From then on I knew I wanted to inspire others to stop living a 9 to 5, 2-weeks of vacation-a-year existence. I wanted to let people know that you can break out of the box and live a richer life.

Being a Lifestyle Entrepreneur has let me create an extraordinary life and follow my passion, and it has given me the flexibility to deal with my chronic pain.

Because I don’t have to report into an office, I don’t drive to work every day (which hurts my back) and I work at home most of the time (which allows me to lay down or rest when I need to).

It hasn’t been easy being a Lifestyle Entrepreneur. I may have worked more hours than I would have had I stayed in my Corporate job. I’ve worked hard on learning to sell and market myself. And the amount of money I have coming in, definitely ebbs and flows. But I love my path and wouldn’t trade it for the world. I hope my story inspires you to break out of the box, even in a small way.

 

 
Sometimes we think a situation is unchangeable because we are trapped by our assumptions.
 
I have a client who was stuck in a belief: “I have to tolerate this job that is overwhelming because the other jobs out there require a degree and I don’t have one.”
 
I often work with clients to dispute their assumptions so that they can take action to change their lives. In this case I used a three step process to help her identify the assumption and dispute it.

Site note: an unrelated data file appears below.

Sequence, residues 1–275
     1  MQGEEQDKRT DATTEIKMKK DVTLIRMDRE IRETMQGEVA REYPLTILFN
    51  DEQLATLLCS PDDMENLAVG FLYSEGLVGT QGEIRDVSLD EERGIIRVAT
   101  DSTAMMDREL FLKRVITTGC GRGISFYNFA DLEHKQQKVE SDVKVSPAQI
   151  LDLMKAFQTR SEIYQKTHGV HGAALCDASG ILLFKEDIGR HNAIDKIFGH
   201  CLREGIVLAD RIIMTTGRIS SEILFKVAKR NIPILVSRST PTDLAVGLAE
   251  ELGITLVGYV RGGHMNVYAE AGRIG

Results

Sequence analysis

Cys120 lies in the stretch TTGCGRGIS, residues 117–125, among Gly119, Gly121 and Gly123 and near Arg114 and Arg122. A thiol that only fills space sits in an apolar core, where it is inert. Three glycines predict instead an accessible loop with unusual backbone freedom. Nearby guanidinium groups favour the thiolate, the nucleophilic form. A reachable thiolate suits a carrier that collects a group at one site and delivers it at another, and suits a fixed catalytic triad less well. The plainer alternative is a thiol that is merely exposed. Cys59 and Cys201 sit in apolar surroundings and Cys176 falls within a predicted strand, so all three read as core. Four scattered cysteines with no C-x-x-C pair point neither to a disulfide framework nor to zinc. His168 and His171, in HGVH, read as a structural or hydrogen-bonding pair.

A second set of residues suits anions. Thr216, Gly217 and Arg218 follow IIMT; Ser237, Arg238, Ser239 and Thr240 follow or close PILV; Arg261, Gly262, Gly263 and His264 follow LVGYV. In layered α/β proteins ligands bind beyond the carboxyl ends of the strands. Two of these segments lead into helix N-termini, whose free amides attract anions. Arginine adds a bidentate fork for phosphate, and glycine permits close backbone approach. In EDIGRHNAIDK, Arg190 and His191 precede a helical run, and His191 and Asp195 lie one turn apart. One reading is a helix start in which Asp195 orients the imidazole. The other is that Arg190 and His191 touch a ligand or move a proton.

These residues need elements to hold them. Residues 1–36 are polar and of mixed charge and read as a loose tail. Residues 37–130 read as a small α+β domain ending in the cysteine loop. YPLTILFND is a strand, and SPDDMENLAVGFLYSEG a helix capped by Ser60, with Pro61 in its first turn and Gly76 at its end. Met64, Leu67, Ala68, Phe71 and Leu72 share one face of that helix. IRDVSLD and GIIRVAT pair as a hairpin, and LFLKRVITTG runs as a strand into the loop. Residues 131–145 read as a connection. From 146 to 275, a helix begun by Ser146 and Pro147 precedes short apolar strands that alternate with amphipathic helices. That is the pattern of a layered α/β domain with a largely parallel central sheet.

Make it personal:
 
How do you define a good job?
 
It pays $80,000
 
It is near my house
 
It is 45 hours per week
 
It is a manager position
 
Make it specific:
 
What are specific jobs with those characteristics?

We came up with an action item for the client to work on.

She looked online for jobs that fit her requirements

Dispute the assumption:
 
Did every job listed in the paper require a degree?
 
Is it possible that even some of the jobs that listed a degree as a requirement might accept someone with experience instead of a degree?
 
The answer was: “Yes.”
 
After we disputed the assumption that was holding her back, she was able to move forward and find a great job in a very short time, for even more money!!!!
 
Suddenly a situation that seemed unchangeable, was changeable.
 
 

 
As you know, I often work with my clients to help them break through the fear that holds them back in life. You also know that I’ve been on a quest to understand my own fear, so that I can better support my clients.
 
Early in 2008, on a trip to Costa Rica, I thought a Zip Line Canopy Tour would be a great place for me to explore my fear.
 
Boy was I right!